From guest blogger Nirvi Shah. Cross-posted from Rules for Engagement:
Norovirus, a highly contagious virus that can lead to intense vomiting and severe diarrhea, has been identified as the leading cause of stomach illness in children younger than 5.
A new study published in the New England Journal of Medicine shows that norovirus was responsible for nearly 1 million pediatric medical care visits for 2009 and 2010 in the United States, translating into hundreds of millions of dollars in treatment costs each year, the Centers for Disease Control and Prevention said today.
“Infants and young children are very susceptible to norovirus infections, which often result in a high risk of getting dehydrated from the sudden onset of intense vomiting and severe diarrhea,” said Dr. Daniel Payne, an epidemiologist in the Division of Viral Diseases at the CDC, in a press release. The virus has also been responsible for sickening hundreds of school-age children at one site, like in this case in 2010.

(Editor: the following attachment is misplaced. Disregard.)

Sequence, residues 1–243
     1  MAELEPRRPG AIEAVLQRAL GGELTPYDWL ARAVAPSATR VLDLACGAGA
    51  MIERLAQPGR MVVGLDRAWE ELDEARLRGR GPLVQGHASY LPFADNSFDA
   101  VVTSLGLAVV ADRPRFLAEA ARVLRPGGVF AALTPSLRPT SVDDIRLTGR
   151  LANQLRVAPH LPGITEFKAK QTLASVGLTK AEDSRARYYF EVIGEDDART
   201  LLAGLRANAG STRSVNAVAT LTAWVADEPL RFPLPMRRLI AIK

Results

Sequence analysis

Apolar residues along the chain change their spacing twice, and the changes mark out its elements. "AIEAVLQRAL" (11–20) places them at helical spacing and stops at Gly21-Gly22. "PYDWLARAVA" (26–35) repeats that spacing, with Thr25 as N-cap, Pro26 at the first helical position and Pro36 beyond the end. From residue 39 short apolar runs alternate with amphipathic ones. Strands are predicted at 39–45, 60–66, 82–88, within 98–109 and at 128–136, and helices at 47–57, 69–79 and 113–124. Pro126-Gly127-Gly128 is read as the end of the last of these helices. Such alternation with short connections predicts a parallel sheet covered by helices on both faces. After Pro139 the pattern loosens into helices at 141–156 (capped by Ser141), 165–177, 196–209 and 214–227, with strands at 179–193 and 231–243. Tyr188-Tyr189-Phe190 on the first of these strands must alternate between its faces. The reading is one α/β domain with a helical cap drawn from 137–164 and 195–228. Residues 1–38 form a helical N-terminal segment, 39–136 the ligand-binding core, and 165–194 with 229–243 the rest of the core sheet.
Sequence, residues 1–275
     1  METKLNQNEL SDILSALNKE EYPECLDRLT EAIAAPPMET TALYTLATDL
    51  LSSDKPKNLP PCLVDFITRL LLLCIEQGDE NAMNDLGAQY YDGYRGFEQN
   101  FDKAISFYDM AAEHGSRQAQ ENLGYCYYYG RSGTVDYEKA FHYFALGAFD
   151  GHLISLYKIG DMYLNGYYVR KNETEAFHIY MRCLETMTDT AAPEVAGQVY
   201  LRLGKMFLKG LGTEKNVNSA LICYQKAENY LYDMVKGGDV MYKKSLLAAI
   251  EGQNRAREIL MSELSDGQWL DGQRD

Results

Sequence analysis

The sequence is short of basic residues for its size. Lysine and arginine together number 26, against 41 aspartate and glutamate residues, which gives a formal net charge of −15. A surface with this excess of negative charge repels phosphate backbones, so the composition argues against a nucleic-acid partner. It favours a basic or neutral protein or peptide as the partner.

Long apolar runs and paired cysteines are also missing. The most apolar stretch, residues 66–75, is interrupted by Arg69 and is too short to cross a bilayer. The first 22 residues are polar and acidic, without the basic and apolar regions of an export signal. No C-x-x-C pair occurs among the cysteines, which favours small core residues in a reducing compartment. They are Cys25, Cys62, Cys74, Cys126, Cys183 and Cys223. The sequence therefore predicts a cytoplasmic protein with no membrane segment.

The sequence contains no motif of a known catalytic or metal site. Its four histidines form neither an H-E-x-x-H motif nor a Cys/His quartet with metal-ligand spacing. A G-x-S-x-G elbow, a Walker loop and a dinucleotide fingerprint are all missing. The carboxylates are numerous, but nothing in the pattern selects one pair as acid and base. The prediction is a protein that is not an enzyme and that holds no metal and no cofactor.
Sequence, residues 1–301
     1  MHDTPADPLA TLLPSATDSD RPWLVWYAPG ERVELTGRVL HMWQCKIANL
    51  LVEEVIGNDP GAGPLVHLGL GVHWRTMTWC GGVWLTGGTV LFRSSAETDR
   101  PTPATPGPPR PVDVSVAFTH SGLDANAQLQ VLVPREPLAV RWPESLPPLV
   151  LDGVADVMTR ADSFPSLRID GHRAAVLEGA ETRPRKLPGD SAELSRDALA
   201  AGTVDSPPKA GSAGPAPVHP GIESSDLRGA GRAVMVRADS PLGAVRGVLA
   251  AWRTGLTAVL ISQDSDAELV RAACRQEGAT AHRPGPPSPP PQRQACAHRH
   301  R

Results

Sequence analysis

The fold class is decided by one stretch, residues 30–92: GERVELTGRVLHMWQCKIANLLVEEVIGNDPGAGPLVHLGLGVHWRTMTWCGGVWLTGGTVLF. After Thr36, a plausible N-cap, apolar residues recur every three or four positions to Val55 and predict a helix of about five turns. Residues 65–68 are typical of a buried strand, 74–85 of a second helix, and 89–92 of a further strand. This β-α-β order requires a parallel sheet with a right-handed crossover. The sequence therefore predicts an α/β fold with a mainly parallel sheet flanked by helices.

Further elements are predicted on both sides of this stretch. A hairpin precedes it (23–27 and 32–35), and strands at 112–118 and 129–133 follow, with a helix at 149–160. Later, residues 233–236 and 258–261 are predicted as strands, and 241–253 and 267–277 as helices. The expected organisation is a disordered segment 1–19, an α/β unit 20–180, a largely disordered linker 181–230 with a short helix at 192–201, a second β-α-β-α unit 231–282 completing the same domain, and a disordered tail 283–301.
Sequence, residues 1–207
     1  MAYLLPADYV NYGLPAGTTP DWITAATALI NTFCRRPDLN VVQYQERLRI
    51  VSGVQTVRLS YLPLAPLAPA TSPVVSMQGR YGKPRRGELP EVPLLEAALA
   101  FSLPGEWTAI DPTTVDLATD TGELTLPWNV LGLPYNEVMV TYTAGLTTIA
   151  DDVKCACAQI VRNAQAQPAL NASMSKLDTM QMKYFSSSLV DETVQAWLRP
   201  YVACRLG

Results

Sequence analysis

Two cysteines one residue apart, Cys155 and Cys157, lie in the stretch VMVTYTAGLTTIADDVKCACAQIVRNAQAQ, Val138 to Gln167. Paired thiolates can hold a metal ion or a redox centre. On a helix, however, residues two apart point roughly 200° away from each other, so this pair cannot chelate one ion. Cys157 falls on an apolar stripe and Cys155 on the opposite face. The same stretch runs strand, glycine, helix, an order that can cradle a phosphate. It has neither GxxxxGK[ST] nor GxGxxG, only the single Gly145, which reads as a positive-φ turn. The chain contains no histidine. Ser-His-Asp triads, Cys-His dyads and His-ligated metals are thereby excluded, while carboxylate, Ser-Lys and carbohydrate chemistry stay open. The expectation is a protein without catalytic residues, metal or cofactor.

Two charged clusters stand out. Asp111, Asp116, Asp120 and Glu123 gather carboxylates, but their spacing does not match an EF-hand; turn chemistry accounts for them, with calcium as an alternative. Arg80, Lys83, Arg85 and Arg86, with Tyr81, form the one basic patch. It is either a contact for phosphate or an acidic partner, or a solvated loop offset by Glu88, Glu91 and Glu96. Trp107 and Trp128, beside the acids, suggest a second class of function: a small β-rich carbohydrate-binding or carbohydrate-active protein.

The study estimates that 1 in 278 U.S. children will be hospitalized for norovirus illness by the time they are 5. About 1 in 14 will visit an emergency room because of it, and 1 in 6 will receive outpatient care for norovirus infections.
To draw their conclusions, researchers tracked 141,000 infants and young children in three counties requiring medical care for acute gastroenteritis, which causes inflammation of the stomach and intestines, from October 2008 through September 2010. Lab tests confirmed the children’s illness was prompted by norovirus.
Norovirus was detected in 21 percent of the 1,295 cases of acute gastroenteritis, while rotavirus—for which there has been a vaccine for more than a decade—was found to be the culprit in only 12 percent of the cases.
“Our study reinforces the success of the U.S. rotavirus vaccination program and also emphasizes the value of specific interventions to protect against norovirus illness,” Payne said.
The North Carolina Department of Health and Human Services has put together a fact sheet that child care providers can use to prevent the spread of the disease. In addition to normal precautions like handwashing and social distancing of infected children, the agency also recomments washing exposed surfaces with a bleach-water mixture or concentrated Lysol.
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A version of this news article first appeared in the Early Years blog.